Bicol Express is a popular Filipino dish named after the train that used to ply the Manila-Bicol route. Bicol is a region in Southern Luzon. Elsewhere in the Philippines, Bicol Express is served as a mix of vegetables stewed in gata (coconut milk) and bagoong (shrimp paste) with a bit of chili.
Authentic Bicol Express, however, is pork (ground or cubes) stewed in gata, bagoong, and a lot of chili. The Bicol region is known for their spicy gata dishes and the Bicol Express is the most popular one.
During my trip to Legaspi, Albay last October, my first meal was Bicol Express at Gilian’s Seafood Wharf. And it was hot, hot, hot. It was too spicy for my palate. But the spicyness did not overpower the dish. I could still taste the saltiness of the bagoong, the richness of the gata, and the pork flavor. Eventhough, it was more spicy than what I am used to, I couldn’t stop eating it. It was definitely delicious.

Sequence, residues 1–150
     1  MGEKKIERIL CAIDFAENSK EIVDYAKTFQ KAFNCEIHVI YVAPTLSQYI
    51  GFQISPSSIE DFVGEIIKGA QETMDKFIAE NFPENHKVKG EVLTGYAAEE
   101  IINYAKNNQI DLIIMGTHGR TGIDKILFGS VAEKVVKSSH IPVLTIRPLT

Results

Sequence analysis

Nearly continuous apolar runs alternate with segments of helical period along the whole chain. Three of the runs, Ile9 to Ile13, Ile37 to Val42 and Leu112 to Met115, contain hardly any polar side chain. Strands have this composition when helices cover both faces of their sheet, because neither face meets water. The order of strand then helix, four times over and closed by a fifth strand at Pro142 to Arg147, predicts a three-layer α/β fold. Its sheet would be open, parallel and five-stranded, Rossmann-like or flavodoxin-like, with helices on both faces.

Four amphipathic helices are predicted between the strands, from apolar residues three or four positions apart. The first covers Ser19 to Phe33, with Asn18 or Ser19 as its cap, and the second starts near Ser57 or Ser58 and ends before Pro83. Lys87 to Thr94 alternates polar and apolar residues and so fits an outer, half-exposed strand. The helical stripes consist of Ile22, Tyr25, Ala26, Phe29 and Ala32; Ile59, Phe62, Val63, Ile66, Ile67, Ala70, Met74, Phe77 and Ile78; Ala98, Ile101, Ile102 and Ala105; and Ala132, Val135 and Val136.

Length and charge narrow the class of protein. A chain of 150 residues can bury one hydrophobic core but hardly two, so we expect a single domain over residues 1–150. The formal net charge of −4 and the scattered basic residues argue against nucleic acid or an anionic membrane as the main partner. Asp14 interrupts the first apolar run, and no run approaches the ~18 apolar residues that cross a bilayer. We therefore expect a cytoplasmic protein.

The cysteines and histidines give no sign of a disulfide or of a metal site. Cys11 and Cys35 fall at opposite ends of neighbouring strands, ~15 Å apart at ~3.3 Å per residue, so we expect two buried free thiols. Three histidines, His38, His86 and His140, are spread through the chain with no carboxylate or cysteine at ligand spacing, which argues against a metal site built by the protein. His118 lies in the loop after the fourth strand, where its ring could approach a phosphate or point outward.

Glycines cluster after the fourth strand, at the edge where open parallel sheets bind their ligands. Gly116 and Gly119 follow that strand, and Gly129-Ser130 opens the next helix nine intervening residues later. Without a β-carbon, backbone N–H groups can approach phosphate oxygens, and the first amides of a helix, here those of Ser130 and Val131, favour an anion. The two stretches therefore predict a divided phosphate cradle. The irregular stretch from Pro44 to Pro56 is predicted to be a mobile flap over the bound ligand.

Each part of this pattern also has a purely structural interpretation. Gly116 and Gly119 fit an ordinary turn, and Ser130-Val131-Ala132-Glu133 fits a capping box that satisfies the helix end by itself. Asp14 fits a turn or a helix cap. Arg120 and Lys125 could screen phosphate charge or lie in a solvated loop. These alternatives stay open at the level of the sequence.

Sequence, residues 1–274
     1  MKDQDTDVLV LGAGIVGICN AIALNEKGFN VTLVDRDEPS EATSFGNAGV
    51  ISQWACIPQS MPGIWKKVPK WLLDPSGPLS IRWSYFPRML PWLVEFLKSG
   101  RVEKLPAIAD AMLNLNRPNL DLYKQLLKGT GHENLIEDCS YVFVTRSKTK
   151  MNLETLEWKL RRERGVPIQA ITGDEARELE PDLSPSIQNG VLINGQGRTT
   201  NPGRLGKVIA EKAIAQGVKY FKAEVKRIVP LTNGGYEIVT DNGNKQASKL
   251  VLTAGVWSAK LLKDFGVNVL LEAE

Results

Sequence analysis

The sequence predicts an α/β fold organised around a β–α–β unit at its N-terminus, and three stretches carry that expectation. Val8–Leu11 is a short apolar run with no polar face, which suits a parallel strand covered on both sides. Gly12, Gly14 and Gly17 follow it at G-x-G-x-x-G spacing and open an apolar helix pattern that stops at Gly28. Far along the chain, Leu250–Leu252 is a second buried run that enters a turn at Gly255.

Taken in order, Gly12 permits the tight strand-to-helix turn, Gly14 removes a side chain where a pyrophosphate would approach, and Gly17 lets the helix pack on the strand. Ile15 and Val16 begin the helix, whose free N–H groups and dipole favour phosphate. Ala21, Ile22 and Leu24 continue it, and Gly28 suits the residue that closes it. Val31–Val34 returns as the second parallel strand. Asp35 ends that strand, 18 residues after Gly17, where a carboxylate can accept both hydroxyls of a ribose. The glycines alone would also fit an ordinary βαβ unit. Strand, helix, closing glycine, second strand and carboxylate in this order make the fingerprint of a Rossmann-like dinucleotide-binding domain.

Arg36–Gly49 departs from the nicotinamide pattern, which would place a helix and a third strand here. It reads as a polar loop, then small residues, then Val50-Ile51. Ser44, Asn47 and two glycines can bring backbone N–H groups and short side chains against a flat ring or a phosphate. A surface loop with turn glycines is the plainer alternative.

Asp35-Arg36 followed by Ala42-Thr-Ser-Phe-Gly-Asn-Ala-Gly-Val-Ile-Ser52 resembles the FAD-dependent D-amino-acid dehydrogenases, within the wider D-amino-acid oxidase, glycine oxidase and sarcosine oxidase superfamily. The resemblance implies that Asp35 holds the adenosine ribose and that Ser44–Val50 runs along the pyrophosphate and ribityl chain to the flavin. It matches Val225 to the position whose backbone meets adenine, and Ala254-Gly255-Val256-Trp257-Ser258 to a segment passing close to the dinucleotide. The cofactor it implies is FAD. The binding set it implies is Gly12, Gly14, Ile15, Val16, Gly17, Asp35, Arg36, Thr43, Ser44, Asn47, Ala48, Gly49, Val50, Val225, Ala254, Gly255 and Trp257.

The Bicol Express is best eaten with rice. Lots of rice. And some soda. Ice cold water just isn’t enough to wash down the spicy Bicol Express.
I had even more Bicol Express, Laing, and Pinangat in the coming days. If you’re not too fond of spicy food, remember that in Bicol when they say something is “not spicy,” that means it’s mildly spicy. And “mildly spicy food” is “very spicy” for those who are not used to the Bicol food.
When in Legaspi, visit the Embarcadero de Legaspi mall. They have a row of restaurants serving various Bicol and seafood dishes. We ate at Gillian’s Seafood Wharf. Their Bicol Express is superb.
Gillian’s Seafood Wharf on Foursquare: LINKbicol express • embarcadero de legaspi • gillians seafood wharf